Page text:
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Whale watching

Overberg Whale Route

(July-November)

Southern Right Whales start arriving in Walker Bay from June every year. Hermanus is being acknowledged by the World Wide Fund for Nature (WWF) as one of the 12 best whale-viewing sites in the world.  From its rocky cliffs, whales can be seen from as close as 5 metres.  By blowing a dried kelp horn, the world's only Whale Crier keeps us informed of the whereabouts of these massive mammals.

Our trip can include a scenic coastal drive, walk in the Fernkloof Nature Reserve, with unrivalled views of Walker Bay, lunch at one of the many sea-food restaurants, whale watching along the 12 km-long scenic cliff path and a return drive along Houwhoek and Sir Lowrey's Passes.


West Coast Whale Route

(July-November)

Combine a whale watching trip along the West Coast with a visit to the West Coast National Park and the Postberg Nature Reserve to view spectacular displays of wild flowers (August - September). Southern Right Whales can be seen in sheltered bays all along the West Coast, and their locality, as well as the weather conditions and the availability of wild flowers on the particular day of the trip, will dictate the route that we will take.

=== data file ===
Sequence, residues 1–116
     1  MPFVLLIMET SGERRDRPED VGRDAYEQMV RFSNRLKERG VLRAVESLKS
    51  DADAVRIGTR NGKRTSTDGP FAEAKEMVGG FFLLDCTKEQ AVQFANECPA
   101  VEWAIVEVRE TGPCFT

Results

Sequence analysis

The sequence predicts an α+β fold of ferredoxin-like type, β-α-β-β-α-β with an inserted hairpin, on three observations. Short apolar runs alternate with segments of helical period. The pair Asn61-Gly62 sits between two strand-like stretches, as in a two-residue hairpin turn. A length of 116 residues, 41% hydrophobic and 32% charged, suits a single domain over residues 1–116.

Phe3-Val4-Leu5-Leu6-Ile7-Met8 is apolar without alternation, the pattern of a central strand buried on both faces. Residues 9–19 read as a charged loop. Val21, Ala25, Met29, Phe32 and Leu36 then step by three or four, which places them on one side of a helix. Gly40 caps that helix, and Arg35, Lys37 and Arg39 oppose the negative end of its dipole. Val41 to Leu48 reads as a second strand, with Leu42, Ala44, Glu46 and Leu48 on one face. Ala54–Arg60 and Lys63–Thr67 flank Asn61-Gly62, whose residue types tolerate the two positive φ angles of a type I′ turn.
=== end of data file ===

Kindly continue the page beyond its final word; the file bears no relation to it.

A lunch stop at one of many fine restaurants will be included. Time permitting, we can also visit the West Coast Fossil Park. Our trip will be concluded with a photo-stop and sundowners at Blouberg Beach, with its magnificent view of Table Mountain.

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Eco-Information on the Western Cape, South Africa.
The Succulent Karoo is one of 25 internationally recognised biodiversity hotspots, and the only arid hotspot in the world. Succulent Karoo has the highest number of plant species of any semi-arid area, many of which are rare and endangered, and has the richest succulent flora in the world.

Semi-desert climatic conditions prevail, with less than 250mm of rainfall per year that falls predominantly in winter. Vegetation is sparse, dominated by dwarf scrubs of which most have succulent leaves. The most common of its succulent, or fleshy leaved plants are mesembs (Mesembryanthemaceae), commonly known as 'vygies'.

There are more than 2 000 different species of mesembs in South Africa, of which many occur in the Western Cape. Other succulent families include the Aloes, Haworthias, Crassulas, Euphorbias and Stapeliads. The Succulent Karoo is also very rich in geophytes, with spectacular displays in spring.